Hardly a week goes by without another announcement from government that additional millions of dollars will be spent ostensibly improving the environment of the Lower Murray. Such announcements are popular with the general public in South Australia. They mostly believe the propaganda that the Lower Lakes really do represent a wetland of international importance and that government expenditure can somehow buy further improvement. In reality their dammed estuary, known as Lake Alexandrina, surrounded by rabbit-infested farmland and overpriced housing estates is brimming with invasive European carp (Cyprinus carpio) and the voracious predatory English perch, otherwise known as redfin (Perca fluviatilis). A few more fishways, as proposed in the latest $2.9 million funding announcement from the South Australian Minister for the River Murray, Ian Hunter, won't change this dynamic. Key estuarine species, once important to the local fishery need more than distressed tepid water, they need a tide.
The Minister claims in the media release that the fishways will provide: "Greater access to breeding areas and different feeding grounds while facilitating the spread of rare native species in the Coorong and Lower Lakes area… Ultimately, it will help to ensure sustainability for more than 30 species of native fish and restore Murray-Darling Basin fish populations."
But there is no evidence to sustain such a pronouncement, so quickly parroted by those also keen to believe the reports and papers authored by SARDI (South Australian Research and Development Institute) employees that claim the Lakes and Coorong Fishery could support a healthy mulloway (Argyrosomus japonicas) fishery if only environmental flows were restored. Indeed, these publications are exceedingly deceptive because they combine the dammed freshwater Lake Alexandrina fishery that is dominated by carp, with the salty Coorong fishery dominated by mulloway and then refer to estuarine species from the Lakes and Coorong Fishery (LCF). In reality, there are few estuarine species in the Lakes and no mulloway. That's right. No mulloway have been recorded from the lakes in any of the many surveys over recent decades.
Furthermore while the popular claim, repeated in the peer-reviewed papers, often with Greg J. Ferguson as senior author, claim populations of mulloway have been depleted by inadequate environmental flows, data in one of the same papers (Aquatic Living Resource, volume 21, pages 145- 52, figure 4) clearly shows that the collapse of the mulloway fishery in the 1940s occurred with completion of the barrages, which function as sea dykes. Prior to the barrages, good catches occurred even in drought years.
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Indeed, the year with the highest recorded mulloway catch, exceeding 600 tonnes, was 1938. This was a drought year during a dry decade in the Murray Darling with low flow to South Australia. The following year 1939, despite the persistent drought, 595 tonnes of mulloway were harvested.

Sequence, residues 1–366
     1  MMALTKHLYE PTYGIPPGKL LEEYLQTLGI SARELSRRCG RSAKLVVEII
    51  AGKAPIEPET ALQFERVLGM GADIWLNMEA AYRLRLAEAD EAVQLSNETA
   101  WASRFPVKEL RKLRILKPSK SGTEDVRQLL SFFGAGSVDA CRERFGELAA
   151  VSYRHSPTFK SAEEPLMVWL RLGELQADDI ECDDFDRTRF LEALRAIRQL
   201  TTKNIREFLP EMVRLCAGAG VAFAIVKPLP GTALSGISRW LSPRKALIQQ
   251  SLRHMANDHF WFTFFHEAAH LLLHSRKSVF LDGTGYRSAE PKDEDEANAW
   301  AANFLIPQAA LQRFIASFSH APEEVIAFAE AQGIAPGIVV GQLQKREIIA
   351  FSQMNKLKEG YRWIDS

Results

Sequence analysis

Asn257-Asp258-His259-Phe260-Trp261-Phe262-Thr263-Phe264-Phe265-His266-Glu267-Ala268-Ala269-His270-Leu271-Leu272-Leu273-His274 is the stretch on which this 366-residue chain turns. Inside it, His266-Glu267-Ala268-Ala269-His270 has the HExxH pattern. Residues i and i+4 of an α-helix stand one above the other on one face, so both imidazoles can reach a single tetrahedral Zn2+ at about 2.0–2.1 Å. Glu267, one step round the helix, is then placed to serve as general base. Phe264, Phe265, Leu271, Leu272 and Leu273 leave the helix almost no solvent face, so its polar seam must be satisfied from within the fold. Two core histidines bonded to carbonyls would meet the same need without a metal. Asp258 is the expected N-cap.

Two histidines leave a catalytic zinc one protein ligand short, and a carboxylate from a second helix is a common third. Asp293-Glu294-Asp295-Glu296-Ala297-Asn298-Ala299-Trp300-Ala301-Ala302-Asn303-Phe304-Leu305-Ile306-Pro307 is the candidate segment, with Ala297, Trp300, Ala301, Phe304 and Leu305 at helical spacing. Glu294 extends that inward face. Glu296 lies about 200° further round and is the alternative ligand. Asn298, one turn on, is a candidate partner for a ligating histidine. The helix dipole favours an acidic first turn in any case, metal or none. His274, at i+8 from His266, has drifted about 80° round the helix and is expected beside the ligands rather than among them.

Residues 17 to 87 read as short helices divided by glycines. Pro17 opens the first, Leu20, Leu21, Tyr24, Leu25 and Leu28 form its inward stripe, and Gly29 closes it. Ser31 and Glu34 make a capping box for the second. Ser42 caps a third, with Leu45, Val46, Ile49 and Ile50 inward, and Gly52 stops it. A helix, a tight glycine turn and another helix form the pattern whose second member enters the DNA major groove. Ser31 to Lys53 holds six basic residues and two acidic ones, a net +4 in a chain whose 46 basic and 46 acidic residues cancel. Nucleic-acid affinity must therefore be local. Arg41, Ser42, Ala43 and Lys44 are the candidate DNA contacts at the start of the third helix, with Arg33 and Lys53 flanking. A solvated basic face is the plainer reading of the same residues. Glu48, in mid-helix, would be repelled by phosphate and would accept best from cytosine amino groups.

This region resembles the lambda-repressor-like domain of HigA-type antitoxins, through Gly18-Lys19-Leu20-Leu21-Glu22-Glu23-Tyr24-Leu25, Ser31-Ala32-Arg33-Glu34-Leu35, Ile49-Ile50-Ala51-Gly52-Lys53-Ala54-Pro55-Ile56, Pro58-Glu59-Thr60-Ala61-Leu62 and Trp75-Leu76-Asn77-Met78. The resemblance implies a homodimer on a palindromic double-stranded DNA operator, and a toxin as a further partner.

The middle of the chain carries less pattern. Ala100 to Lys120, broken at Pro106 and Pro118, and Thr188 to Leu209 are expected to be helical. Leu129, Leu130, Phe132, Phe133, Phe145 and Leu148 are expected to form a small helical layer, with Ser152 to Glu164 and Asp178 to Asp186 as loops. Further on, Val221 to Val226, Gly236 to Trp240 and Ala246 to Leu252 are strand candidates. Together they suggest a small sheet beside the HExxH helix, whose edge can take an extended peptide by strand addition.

Ignoring these early records, Greg Ferguson and colleagues claim annual flow down the Murray River can explain 43 percent of the variability in the mulloway catch in the LCF. Conveniently, at least in terms of the politics, they choose to restrict their analysis to the years 1984 to 2005. But a longer record, that precedes construction of the barrages, shows that after the sealing of the Goolwa barrage in February 1940, the mulloway fishery never recovered to previous levels despite the extraordinary large flows to the Lower Lakes and Murray mouth in 1956 and 1974.
In short, it is absurd to suggest that more environmental flow will fix the mulloway fishery while the barrages remain in place. But this is the advice from Australian mulloway experts, who draw a salary from government.
Before the barrages, when the south westerly wind picked up, the sea would often pour in through the Murray's mouth and work its way across the lake. So Lake Alexandrina was often fresh in spring and summer, but salty by autumn. In his book Poor man river: memoirs from the River Murray estuary Alastair Wood, a fisherman from Encounter Bay, tells how the mulloway would spend winter to the west amongst the mangroves of the Gulf of St Vincent. When the new season's winds wafted up the gulf the mulloway returned to the Murray mouth.
The schools lead by large fish, forty pounders and heavier, would settle in the offshore underwater canyons. Within sight of the Murray's mouth and smell of the river, Mr Wood describes how on a full moon and a big tide, larger cows would swim through the surf, in through the Murray's mouth, and along the channels to the lake proper where they would gorge on the little bottom-dwelling fish, the congolli (Pseudaphritis urvillii).
Research from the Shoalhaven estuary in NSW, where there are no obstructions to fish movement, shows that mulloway use the entire 48 km long estuary with high flow events driving fish downstream towards the mouth at Shoalhaven Heads (Matthew Taylor et al., DOI: 10.1371/journal.pone.0095680). The fish follow the shift in the location of the saltwater wedge. Of course such a wedge is absent from the lower Murray River, because the estuary was destroyed with the construction of the barrages.
Studies of mulloway in the 12 km long Great Fish Estuary in South Africa show that mulloway move up and down that estuary corresponding with the speed and direction of the falling tide or, the fish remain stationary in deeper and structured habitat within the estuary (Tor Naesje et al., Marine Ecology Progress Series, volume 460, pages 221-232). The barrages prevent the tide entering Lake Alexandrina, once the central basin of the lower Murray estuary.